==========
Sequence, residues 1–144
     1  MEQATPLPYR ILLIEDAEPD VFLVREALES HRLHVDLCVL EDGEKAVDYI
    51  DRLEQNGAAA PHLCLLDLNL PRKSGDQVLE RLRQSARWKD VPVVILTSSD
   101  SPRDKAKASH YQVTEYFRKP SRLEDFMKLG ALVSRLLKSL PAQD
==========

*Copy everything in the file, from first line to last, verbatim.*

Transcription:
Sequence, residues 1–144
     1  MEQATPLPYR ILLIEDAEPD VFLVREALES HRLHVDLCVL EDGEKAVDYI
    51  DRLEQNGAAA PHLCLLDLNL PRKSGDQVLE RLRQSARWKD VPVVILTSSD
   101  SPRDKAKASH YQVTEYFRKP SRLEDFMKLG ALVSRLLKSL PAQD